Don't blame Moeen
Moeen Ali got a lot of stick for hitting a six then getting caught out trying to hit another one against Sri Lanka. The all-rounder's dismissal proved to be a turning point as England chased a total that should have been well within their grasp.
But Moeen's aggressive attitude was the right one. England's problem was that they were too cautious and I don't like to see the one guy who was being proactive getting blamed for their defeat.
Building runs slowly which just doesn't suit this England team. They're far more effective when they're up and at the opposition. They should have aimed to knock off the 230 runs chase in 30 over but, by batting in an ultra-defensive way, they made themselves easier to bowl at.
It put the Sri Lankan attack on the front foot and meant Lasith Malinga and Dhananjaya de Silva could concentrate on trying to get batsman out rather than saving runs.
England must stamp out caution
It's a bit of a concern that England failed to chase a low total, especially as we are seeing lots of low scores at this World Cup. With the weather forecast to improve over the next week or so, however, I expect scores will start to go up again.
The low scores could also be because, as we get near the business end of the tournament, teams are feeling the pressure and are playing with more caution. Before the tournament began, I believed England would play up to the pressure that comes with being favourites and hosts.
But the defeat to Sri Lanka was like watching an England ODI performance from when I played. There's too much caution creeping into England's game and I hope they stamp that out.
Aussies are like dogs that don't like it when you bark back
The way for England to beat Australia at Lord's on Tuesday is to go on the attack. England beat Australia in an ODI series a couple of years ago by playing ultra-aggressive cricket and they need to recover some of that. Like dogs having a fight, the Aussies like to make their opponents lie down and be submissive. They don't like it when you snarl and bark back.
I hope England go into this match saying: "Let's get back to what we do best and remember we're still favourites for this tournament."
That's the key for England, to be aggressive with bat and ball and fight fire with fire.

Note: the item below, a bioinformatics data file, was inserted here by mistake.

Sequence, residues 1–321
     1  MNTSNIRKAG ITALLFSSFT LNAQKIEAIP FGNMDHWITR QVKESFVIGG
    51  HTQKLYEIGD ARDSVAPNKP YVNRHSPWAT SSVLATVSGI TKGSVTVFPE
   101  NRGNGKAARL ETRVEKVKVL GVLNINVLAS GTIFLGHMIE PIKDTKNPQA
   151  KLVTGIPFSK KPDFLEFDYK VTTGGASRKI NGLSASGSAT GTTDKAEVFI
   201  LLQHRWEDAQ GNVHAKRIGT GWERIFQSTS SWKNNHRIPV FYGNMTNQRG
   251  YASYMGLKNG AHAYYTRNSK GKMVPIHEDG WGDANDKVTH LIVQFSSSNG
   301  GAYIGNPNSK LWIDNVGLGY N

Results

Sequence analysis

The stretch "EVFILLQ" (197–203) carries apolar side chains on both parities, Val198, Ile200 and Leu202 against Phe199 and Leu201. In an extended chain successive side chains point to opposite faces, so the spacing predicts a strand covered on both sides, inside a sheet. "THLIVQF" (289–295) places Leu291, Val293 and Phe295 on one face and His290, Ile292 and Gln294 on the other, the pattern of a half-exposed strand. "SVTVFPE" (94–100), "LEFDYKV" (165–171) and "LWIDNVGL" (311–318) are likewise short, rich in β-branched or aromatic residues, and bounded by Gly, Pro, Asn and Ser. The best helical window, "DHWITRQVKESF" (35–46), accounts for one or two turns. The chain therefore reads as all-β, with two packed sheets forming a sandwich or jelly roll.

Archer v Finch a mouth-watering contest
This is not a vintage Australian team but there are quality players in there. As I've said before, they're like the German football team in that you should never write them off. The one guy who worries me in this team is Aaron Finch. His record against England is phenomenal and he clearly likes playing against our attack. He's in prime form and can really dominate bowlers, so I can't see beyond him for top Aussie run scorer.
To stop that happening Jofra Archer and co. must go hard at Finch from the outset and push him on to the back foot. Archer has bowled beautifully throughout and is my pick for top England wicket taker here. For the Aussies, Mitchell Starc is swinging the ball and picking up wickets, so I'll back him.
England and Buttler to bounce back
I'm backing England to win the match. They will have regrouped after the Sri Lanka defeat and should have reached the conclusion that their only problems have come when they've been too conservative. Hopefully, they will kick out the caution and get back to throwing the first punch, so to speak.
Jos Buttler hasn't had a magnificent World Cup so far but I think he will enjoy playing the Australian bowlers. He's a very good batsman, who often rises to the occasion, and I have a feeling that he's going to produce something special at Lord's.
Crowd shouldn't sink to Aussies' level
Finally, I hope the Lord's crowd will be their usual appreciative and respectful selves on Tuesday. David Warner has tried to stay under the radar with his general demeanour and batting at this World Cup, following his ban for ball tampering. It's worked for him and he's doing a great job of building platforms for his team.
If the Lord's crowd boos Warner, being yobbish and boorish, then that reflects very badly on us as a nation. If fans want to get at Warner, they should do so in good humour. I liked the fans dressed as sandpaper, and talking about Warner 'scratching around for runs', when Australia played Afghanistan. There's no place for abusiveness in cricket and I hope Lord's won't put up with it.